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Over the Front in an Aeroplane and Scenes Inside t

Avions de reglage changed to avions de reglage


"When

the war started she agreed to assume the naval responsibility of protecting the coast of France. She has not only done that, and incidentally driven Germany from the seas, but she has thrown her ships into the attack on the Dardanelles and has helped Russia with her submarines in the Baltic.

"When the war started there was a financial understanding between England and France. England has not only carried out her share in this understanding, but has been instrumental in the financing of Italy, and stands ready to assume further similar responsibilities in the Balkans.

"How any candid mind in the face of such a record can charge Great Britain with shirking her share in the war passes my understanding."

There is no doubt about the truth of this. To get the voluntary gift of three million lives within one year, to get the voluntary loan of L600,000,000 in less than one month is probably an unparalleled achievement. Great Britain has done far more than her duty to others called for. And yet the question will not be smothered: Is she doing all that is called for by a strong, far-seeing nation's duty to itself?

She has thrown into the scales all the peculiar assets of a democracy in spontaneous zeal and voluntary sacrifice. But can a really great nation in such a crisis as this afford to be the recipient of only those contributions, no matter how

prodigal, which are spontaneous and voluntary? Can a really proud nation afford to base its career at such a time upon the charity of its citizens? With Russia on the one hand purging herself of the bureaucratic evils of absolutism and forcing upon herself the pains of democratization, with France, on the other hand, sacrificing for the time her most cherished principles of republicanism in order to substitute the efficiency of Authority for the waste motions of Democracy, can England afford to remain complacently convinced that she represents the happy mean between these two extremes--a mean which needs no modifying?

Can England as a nation continue with admiring acquiescence to watch the cream of her manhood spend itself in Flanders and the Dardanelles; continue with deprecating acquiescence to watch the skimmed milk of her manhood preserve itself at home for the sacred duty of fathering a future generation?

Can England acquiesce placidly in the professional, the business, the financial sacrifices generally which so many Englishmen are splendidly making, and acquiesce plaintively in the disgusting treason whose guilt was shared in varying measure by the gouging coal-owners and the striking coal-miners of Wales?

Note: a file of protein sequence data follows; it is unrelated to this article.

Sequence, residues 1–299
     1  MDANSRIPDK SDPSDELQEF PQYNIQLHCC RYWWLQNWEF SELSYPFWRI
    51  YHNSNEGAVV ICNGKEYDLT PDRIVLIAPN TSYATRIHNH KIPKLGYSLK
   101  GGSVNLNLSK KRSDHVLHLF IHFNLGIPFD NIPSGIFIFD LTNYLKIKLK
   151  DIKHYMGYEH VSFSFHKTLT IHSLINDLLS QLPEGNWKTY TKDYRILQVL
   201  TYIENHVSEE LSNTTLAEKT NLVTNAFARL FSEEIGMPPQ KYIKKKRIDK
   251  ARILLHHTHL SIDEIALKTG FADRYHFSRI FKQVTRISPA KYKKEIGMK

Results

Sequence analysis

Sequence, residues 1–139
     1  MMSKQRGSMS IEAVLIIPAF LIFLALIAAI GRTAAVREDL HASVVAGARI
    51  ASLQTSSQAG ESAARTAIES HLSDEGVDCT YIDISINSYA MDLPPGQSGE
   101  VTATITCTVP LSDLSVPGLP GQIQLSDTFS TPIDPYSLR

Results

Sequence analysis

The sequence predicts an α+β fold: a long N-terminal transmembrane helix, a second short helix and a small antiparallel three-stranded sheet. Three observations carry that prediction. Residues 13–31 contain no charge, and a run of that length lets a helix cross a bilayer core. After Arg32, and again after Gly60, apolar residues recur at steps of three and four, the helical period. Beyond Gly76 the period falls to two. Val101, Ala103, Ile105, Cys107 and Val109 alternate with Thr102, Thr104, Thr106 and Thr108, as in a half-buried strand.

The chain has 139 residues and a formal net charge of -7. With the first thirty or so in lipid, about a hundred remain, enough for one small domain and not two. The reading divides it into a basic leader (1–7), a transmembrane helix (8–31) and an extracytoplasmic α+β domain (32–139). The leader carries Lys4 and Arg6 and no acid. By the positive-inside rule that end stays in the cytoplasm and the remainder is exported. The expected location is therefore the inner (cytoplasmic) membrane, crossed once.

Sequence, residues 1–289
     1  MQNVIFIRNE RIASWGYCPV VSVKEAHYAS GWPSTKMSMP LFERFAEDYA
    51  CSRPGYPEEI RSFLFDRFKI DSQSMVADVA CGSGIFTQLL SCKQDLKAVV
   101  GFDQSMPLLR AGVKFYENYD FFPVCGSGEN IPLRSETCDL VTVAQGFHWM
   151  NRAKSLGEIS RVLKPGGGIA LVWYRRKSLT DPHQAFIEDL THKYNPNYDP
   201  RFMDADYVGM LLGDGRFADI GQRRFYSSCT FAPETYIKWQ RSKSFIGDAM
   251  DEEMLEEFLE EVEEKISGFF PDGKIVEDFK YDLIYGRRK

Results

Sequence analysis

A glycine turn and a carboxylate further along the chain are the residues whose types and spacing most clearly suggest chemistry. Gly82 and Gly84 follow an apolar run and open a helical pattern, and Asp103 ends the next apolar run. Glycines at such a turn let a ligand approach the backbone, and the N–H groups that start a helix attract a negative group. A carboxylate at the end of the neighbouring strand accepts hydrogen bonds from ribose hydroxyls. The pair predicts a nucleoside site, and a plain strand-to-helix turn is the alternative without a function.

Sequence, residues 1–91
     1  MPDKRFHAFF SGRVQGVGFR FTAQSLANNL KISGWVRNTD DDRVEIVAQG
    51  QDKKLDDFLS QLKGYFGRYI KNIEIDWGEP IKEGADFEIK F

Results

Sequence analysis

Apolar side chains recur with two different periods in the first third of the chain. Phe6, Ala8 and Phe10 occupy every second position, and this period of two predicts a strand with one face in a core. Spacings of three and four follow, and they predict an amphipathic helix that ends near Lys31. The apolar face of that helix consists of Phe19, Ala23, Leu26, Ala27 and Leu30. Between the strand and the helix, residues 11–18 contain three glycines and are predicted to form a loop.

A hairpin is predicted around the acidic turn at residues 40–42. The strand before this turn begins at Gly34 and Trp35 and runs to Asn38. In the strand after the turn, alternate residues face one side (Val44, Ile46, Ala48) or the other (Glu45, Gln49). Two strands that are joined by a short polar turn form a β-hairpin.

Can England set out to curb the drunkenness which in certain parts is crippling her ammunition production and then sink back into acquiescence in the temporizing compromise which taxed drunkenness instead of terminating it?

Can England, in fine, afford to preserve Personal Liberty at the slightest risk of imperilling National Liberty?

Perhaps England can. Perhaps England must.

So long as England fulfils and far exceeds her covenants with her allies it is not a question for them to answer. It is assuredly not a question to which any neutral visitor can with seemliness hazard a solution.

It is not even a question, in my opinion, which is apt to affect the ultimate outcome of this particular war.

But it is a question to which on some future day Macaulay's New Zealander will, with positiveness and propriety, be in a position to find the answer.

* * * * *

Transcriber's note:

Obvious typographical errors have been corrected. Printer's inconsistencies in the use of accents, hyphens, and punctuation have been retained. The original spelling has been used except where there was good reason to correct it. Any such changes are noted below.

The following misprints and misspellings have been corrected:

Page 3, "avions de reglage" changed to "avions de reglage". (their "avions de reglage," or "regulating aeroplanes.")

Page 4, "aviatiks" changed to "Aviatiks". (Aviatiks of the enemy)

Page 4, "fusilage" changed to "fuselage". (projected over the bow of the fuselage)

Page 11, "pilot- spotted" changed to "pilot spotted". (puffs of smoke in the hazy distance the pilot spotted unerringly)

Page 33, "practise" changed to "practice". (And practice in this matter)

Page 57, "departs" changed to '"departs"'. (distant reports of the "departs")

Page 86, "leant themselves" changed to "lent themselves". (and clay lent themselves to effects which)

Page 100, "scrupulously cleanly," changed to "scrupulously clean,". (I found them scrupulously clean, very patient)

Page 136, "drommelfeuer" changed to "trommelfeuer". (the famous "trommelfeuer" ... "drum-roll fire," as the Germans call it)

There is in the book the single use of the word "exterpreting" (page 78) for which no adequate definition has been found. It is not a spelling mistake. From the context it might be an amusing play on the word "interpreting."

***


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